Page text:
9 Replies Latest reply on Feb 1, 2012 7:34 AM by Dimitra.p

    Indesign Dictionary - mass export & edit

    Dimitra.p

      Is there a way to export or locate the entire dictionary for a specific language in order to be able to edit all words therein and not just the user added words?

       

      We have a constant problem with a client where a specific hyphenation rule is required but is not provided in the hyphenation options. The client does not want the hyphenated syllables to start with a vowel after a hyphen. What I have been doing in order to avoid this is to right click the word where this happens and add it to the dictionary with my preferred way of hyphenation. It is, however, a time consuming and not very effective way to tackle this issue since I have to manually locate each word and it might take many months/even years until I have built a large enough dictionary.

       

      I'm using Indesign CS-5, Windows 7

        • 1. Re: Indesign Dictionary - mass export & edit
          [Jongware] Most Valuable Participant

          Dimitra.p wrote:

           

          We have a constant problem with a client where a specific hyphenation rule is required but is not provided in the hyphenation options. The client does not want the hyphenated syllables to start with a vowel after a hyphen.

           

          Is that a specific demand of your client, and not related to the regular hyphenation rules for the language the document is in?

          • 2. Re: Indesign Dictionary - mass export & edit
            Dimitra.p Level 1

            Yes, that is not a regular hyphenation rule for the language, more of an aesthetic preference. It is something my client wants to avoid, and keeps correcting it manually but because I' working with books this is too cumbersome.

            • 3. Re: Indesign Dictionary - mass export & edit
              [Jongware] Most Valuable Participant

              So ideally, you would "export" the current dictionary to a plain text file, remove all preferred hyphens before a vowel, and then "import" this dictionary back into InDesign.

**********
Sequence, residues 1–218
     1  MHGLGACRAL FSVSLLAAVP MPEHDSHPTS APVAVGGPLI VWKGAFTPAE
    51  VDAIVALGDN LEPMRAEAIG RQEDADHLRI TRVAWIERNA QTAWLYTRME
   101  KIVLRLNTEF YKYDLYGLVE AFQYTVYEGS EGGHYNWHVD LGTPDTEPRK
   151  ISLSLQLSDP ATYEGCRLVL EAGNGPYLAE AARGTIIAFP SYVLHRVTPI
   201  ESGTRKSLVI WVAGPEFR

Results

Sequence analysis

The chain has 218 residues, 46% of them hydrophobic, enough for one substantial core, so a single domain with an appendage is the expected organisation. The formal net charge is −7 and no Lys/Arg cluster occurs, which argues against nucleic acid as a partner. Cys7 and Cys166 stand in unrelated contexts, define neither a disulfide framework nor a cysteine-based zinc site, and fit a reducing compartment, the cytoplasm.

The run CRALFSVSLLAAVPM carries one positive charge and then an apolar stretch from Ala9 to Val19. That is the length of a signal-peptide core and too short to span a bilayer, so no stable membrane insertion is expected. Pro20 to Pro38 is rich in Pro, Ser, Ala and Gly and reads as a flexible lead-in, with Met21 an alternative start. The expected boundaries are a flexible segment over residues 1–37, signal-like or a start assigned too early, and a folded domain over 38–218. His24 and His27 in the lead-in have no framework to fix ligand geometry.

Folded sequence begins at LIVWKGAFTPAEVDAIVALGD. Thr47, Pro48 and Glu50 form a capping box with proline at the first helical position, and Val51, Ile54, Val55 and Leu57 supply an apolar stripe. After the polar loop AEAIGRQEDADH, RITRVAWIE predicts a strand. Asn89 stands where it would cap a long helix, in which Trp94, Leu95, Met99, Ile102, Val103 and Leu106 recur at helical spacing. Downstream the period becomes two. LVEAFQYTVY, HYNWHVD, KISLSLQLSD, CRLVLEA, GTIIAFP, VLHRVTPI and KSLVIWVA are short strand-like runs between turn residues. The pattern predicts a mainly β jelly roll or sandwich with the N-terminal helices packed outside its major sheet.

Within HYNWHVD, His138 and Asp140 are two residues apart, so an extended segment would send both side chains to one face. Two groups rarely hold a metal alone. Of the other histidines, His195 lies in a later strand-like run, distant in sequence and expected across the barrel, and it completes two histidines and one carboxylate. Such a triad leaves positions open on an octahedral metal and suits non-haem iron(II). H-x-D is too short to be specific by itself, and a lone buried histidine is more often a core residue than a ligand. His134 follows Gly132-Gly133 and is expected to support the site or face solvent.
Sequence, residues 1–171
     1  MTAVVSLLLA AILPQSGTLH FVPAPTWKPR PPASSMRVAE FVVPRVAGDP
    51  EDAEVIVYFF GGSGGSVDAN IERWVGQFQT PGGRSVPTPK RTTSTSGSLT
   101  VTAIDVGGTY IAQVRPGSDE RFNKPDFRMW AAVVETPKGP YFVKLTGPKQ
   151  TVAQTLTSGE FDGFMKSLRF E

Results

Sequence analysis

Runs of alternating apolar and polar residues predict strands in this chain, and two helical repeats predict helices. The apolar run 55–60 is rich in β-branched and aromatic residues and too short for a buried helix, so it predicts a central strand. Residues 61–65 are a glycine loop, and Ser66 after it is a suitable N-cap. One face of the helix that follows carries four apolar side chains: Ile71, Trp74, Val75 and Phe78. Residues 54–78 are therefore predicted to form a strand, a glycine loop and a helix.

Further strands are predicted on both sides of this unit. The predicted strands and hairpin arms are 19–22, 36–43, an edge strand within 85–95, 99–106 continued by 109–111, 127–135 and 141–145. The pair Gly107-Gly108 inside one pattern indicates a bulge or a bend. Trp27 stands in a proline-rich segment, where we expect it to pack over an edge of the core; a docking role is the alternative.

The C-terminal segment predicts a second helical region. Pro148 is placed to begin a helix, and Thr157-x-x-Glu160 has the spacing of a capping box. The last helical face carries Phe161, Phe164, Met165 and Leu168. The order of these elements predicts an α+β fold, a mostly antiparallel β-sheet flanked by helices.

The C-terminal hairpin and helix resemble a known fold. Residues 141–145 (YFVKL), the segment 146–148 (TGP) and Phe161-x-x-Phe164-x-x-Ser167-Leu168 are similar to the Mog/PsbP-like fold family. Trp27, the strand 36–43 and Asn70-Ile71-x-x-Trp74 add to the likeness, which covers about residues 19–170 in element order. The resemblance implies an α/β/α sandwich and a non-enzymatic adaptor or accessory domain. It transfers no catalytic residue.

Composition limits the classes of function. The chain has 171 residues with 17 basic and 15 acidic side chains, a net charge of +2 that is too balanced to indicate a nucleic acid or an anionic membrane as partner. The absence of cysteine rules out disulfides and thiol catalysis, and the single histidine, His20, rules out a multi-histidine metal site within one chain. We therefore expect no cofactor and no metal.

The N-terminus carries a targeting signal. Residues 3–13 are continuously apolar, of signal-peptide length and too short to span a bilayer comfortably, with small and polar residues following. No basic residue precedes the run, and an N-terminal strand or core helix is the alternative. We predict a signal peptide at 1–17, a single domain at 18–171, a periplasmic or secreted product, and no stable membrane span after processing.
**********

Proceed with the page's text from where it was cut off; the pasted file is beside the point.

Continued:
It's not that simple For most languages (if not all), InDesign does not carry a complete set of words with all of their breaking points. Instead, each language is hyphenated using a plugin -- a program that applies fixed rules to each word. There might be a small set of words that don't 'play by the rules' and would be recognized as such by the plugin, but that should rarely happen. (A well-known case is Knuth-Liang's otherwise very good algorithm for TeX. It cannot hyphenate the word "manuscript" at all!)

               

              You cannot change the behavior of an existing hyphenation plugin, and writing your own custom language hyphenation module is technically possible, but it would require you to implement every single rule correctly -- and then add the "last minute" requirement 'not before a vowel'.

               

              So I propose a different approach. If you add a GREP style to the paragraph styles that have hyphenation switched on, it can add a No Break attribute to this and the preceding character. The GREP query is:

               

              \w[aeiou]

               

              and it should apply a character style that sets No Break, nothing more. In this screenshot you can see it works for English; the left hand column is hyphenated as usual, the right hand side has no hyphens at all before a vowel.

              Notice that some words might not be broken anymore at any "good" place so it disappears into Eternally Overset Text. I presume that with regular words and a regular column width, this should not be a problem ...

               

              (This GREP style works for English. You don't say what language this is for, but if it's a heavily accented language, you would use the slightly more convolved GREP

               

              \w[[=a=][=e=][=i=][=o=][=u=]]

               

              -- not tested. And if you don't use the Latin alphabet at all, you have to experiment for yourself )

               

              vowelhyphen.PNG

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              • 4. Re: Indesign Dictionary - mass export & edit
                Dimitra.p Level 1

                Thank you so much, this seems to be on the right track, although it is not working entirely yet. It is the Greek language I need this for.

                 

                If I embed the GREP string to the paragraph style, it doesn't seem to be working. It does something to the paragraphs but some words are left hyphentaing as before.

                 

                If I do a regular Find and Change GREP replacement with either:

                 

                \w[[=α=][=ά=][=ε=][=έ=][=η=][=ή=][=ι=][=ί=][=ϊ=][=ΐ=][=ο=][=ό=][=υ=][=ύ=][=ϋ=][=ω=][=ώ=]]

                or

                \w[αάεέηήιίϊΐοόυύϋωώ]

                 

                that applies the no-break character style it works!

                 

                Have any idea why embedding the GREP style behaves differently? I am not using any other character styles in that paragraph.

                • 5. Re: Indesign Dictionary - mass export & edit
                  John Hawkinson Level 5